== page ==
Literature of Rio de Janeiro

Literature of Rio de Janeiro
After Brazilian independence from Portugal in 1822, Rio de Janeiro quickly developed a European-style bourgeois cultural life, including numerous newspapers, in which most 19th-century novels were initially published in serial.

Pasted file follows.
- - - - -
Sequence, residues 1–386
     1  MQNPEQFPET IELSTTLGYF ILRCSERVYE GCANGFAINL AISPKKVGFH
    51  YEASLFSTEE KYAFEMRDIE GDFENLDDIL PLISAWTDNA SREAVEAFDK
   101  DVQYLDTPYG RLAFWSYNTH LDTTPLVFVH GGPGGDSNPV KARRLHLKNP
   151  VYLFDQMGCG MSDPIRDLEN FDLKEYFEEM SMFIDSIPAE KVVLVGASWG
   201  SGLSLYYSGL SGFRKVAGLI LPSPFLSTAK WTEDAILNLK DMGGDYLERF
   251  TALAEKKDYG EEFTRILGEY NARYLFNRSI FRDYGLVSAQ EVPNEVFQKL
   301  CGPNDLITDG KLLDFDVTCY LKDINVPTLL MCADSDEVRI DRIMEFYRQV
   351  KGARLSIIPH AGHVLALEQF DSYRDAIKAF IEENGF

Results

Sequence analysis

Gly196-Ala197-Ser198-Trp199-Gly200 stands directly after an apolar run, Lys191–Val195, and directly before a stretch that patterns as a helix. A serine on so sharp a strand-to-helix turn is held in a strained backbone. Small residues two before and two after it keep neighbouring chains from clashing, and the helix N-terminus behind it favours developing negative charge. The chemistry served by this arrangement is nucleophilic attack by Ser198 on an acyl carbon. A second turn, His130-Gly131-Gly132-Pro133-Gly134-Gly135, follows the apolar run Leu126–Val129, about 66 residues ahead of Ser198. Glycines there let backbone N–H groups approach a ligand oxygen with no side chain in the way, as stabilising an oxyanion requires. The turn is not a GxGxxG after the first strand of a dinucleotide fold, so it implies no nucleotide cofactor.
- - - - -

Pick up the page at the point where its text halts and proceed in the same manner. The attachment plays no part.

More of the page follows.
Joaquim Manuel de Macedo's A Moreninha (1884) was perhaps the first successful novel in Brazil and inaugurates a recurrent 19th-century theme: a romantic relationship between idealistic young people in spite of cruelties of social fortune. The first notable work of realism focusing on the urban lower-middle class is Manuel Antônio de Almeida's Memórias de um sargento de milícias (1854), which presents a series of picaresque but touching scenes, and evokes the transformation of a town into a city with suggestive nostalgia. Romantic and realist modes both flourished through the late 19th century and often overlapped within works. The most famous author of Rio de Janeiro, however, was Machado de Assis, that is also widely regarded as the greatest writer of Brazilian literature and considered the introducer of Realism in Brazil, with the publication of The Posthumous Memoirs of Bras Cubas (1881); he had commented and criticized the political and social events of the city and country such as the abolition of slavery in 1888 and the transition from Empire to Republic with his numerous chronicles published in newspapers of the time. Much of his short stories and novels, like Quincas Borba (1891) and Dom Casmurro (1899), are placed in Rio.